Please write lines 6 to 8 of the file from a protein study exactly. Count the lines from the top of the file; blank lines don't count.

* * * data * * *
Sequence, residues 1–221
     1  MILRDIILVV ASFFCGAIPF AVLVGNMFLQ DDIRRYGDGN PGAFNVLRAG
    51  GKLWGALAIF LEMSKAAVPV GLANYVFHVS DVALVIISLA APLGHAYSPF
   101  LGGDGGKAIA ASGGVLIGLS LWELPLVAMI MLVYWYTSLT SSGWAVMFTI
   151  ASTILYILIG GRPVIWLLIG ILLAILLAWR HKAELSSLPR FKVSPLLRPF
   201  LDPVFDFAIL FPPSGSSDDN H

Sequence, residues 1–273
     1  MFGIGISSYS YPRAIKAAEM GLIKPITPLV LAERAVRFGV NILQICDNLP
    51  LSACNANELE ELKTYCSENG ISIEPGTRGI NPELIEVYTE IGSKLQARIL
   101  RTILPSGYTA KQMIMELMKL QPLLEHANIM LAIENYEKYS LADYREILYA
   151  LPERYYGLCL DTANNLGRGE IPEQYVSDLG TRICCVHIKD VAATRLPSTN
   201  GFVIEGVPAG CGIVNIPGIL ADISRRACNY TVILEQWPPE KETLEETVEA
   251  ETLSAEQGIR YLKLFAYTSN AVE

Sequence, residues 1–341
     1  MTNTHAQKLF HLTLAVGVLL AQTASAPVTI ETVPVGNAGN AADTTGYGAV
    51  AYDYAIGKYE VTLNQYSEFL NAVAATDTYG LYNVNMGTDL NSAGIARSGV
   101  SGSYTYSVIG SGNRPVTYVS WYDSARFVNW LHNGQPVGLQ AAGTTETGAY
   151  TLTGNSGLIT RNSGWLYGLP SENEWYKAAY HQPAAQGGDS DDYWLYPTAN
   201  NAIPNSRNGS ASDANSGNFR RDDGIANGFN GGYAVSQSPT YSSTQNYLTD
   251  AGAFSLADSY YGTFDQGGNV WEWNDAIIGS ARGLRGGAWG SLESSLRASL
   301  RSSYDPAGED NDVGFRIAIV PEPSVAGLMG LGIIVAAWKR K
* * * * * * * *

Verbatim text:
   201  LDPVFDFAIL FPPSGSSDDN H

Sequence, residues 1–273
     1  MFGIGISSYS YPRAIKAAEM GLIKPITPLV LAERAVRFGV NILQICDNLP